WASHINGTON – Google was taking no chances as its executive chairman, Eric Schmidt, prepares to face a U.S. Senate hearing Wednesday on whether the company is abusing its dominance in Internet search.
Hoping to fend off any antitrust action, Google has hired at least 13 lobbying and communications firms since May, when the US Federal Trade Commission ramped up its investigation of the Internet giant.
Firms led by figures from both parties -- including former House Democratic leader Richard Gephardt and the son of Sen. Richard Lugar (R-Ind.) -- were going to bat for the company.
Looming over this week's proceedings will be rival Microsoft, whose former chief executive, Bill Gates, faced his own congressional grilling on March 3, 1998.
Just two months after Gates' shaky performance, the U.S. government hit Microsoft with an antitrust suit, accusing it of abusing its dominance in the market for personal computer operating software. Though Microsoft, which often chose confrontation with the government, ultimately avoided being broken up, the suit weighed it down for years.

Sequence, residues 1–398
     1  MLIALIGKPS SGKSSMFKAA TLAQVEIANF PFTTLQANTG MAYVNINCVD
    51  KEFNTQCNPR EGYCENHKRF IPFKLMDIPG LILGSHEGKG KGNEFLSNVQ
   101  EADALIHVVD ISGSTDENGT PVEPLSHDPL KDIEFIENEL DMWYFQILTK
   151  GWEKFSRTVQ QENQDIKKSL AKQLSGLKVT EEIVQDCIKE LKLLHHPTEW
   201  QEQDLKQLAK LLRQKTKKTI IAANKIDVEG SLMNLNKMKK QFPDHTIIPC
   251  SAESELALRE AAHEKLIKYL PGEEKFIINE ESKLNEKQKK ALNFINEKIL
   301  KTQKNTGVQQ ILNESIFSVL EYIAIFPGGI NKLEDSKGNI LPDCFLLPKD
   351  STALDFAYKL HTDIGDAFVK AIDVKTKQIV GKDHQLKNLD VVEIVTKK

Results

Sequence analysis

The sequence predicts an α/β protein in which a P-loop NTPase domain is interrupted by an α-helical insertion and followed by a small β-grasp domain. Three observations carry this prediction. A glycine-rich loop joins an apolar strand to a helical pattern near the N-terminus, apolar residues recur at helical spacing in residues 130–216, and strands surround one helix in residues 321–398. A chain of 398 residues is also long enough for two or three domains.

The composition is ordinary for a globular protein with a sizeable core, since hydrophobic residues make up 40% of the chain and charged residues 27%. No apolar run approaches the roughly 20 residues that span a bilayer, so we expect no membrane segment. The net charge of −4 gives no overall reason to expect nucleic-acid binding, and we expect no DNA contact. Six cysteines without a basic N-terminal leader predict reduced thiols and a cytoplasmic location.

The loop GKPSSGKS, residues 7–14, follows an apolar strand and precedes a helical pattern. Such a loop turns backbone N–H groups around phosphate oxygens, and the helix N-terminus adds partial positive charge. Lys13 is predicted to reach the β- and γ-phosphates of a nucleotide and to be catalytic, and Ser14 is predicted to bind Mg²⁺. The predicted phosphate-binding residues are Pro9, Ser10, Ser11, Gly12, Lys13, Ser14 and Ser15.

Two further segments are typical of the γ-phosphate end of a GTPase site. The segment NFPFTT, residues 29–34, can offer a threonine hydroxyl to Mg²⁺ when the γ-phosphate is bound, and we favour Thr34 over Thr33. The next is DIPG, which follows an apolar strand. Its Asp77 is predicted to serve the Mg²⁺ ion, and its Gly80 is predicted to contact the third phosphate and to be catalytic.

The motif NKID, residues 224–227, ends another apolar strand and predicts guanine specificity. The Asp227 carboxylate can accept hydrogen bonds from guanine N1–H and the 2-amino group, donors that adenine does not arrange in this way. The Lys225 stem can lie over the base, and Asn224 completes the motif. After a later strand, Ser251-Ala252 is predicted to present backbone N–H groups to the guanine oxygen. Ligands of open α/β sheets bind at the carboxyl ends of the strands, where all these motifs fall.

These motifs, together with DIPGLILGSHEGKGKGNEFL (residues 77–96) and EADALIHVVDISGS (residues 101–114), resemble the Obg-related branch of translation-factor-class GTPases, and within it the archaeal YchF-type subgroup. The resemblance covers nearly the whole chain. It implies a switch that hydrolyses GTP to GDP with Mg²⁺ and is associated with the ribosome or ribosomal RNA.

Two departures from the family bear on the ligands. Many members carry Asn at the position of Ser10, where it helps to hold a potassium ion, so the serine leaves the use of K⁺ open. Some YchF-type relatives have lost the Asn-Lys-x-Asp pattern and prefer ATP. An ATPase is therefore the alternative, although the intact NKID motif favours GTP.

At the time, Schmidt was a software executive who criticized Microsoft's operating system dominance -- Google had yet to be founded. Now, Schmidt represents a company whose situation strikingly resembles that of Microsoft 13 years ago.
Like Microsoft then, Google relies overwhelmingly on its core product, Internet search, and dominates the market for that product. It handles around two-thirds of U.S. Internet searches and more than 80 percent in many European countries, according to comScore.
Microsoft now leads the critics who say that Google uses its dominance in search to gain an edge in other services, such as business listings, maps and product-comparison websites.
Google said it has users' interests in mind, and adds that if people do not like its offerings, competitors are just a click away.